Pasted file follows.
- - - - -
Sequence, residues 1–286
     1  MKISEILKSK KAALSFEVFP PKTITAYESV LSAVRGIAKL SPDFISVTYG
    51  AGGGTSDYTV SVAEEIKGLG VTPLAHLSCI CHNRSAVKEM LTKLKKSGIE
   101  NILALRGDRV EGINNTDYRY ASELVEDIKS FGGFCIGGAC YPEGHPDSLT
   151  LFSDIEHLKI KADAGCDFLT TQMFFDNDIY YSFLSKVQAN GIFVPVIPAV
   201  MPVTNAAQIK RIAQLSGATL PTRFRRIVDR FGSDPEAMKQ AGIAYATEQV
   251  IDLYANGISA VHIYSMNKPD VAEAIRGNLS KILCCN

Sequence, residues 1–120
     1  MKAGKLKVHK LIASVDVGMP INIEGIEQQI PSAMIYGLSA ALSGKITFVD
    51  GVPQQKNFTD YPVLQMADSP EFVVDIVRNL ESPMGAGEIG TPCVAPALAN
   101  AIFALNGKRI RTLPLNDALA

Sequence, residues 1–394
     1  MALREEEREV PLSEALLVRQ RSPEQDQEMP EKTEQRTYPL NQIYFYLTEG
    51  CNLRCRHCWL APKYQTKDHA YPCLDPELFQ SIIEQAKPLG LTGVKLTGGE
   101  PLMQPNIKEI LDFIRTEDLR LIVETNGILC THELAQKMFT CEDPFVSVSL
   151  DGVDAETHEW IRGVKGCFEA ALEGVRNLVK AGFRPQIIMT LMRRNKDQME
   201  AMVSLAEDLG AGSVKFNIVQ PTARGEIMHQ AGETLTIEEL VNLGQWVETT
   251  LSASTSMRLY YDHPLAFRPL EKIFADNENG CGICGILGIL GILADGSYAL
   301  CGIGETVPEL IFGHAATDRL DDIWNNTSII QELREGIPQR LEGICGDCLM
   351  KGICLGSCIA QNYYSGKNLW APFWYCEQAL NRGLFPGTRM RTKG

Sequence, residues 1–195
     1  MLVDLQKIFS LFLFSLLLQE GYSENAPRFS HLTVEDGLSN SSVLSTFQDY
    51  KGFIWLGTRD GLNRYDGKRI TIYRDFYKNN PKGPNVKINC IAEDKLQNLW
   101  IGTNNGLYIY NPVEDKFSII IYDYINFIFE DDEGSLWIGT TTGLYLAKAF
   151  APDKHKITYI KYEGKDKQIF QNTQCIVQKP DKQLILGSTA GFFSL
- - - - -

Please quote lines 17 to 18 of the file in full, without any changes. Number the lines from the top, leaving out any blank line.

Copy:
   201  AMVSLAEDLG AGSVKFNIVQ PTARGEIMHQ AGETLTIEEL VNLGQWVETT
   251  LSASTSMRLY YDHPLAFRPL EKIFADNENG CGICGILGIL GILADGSYAL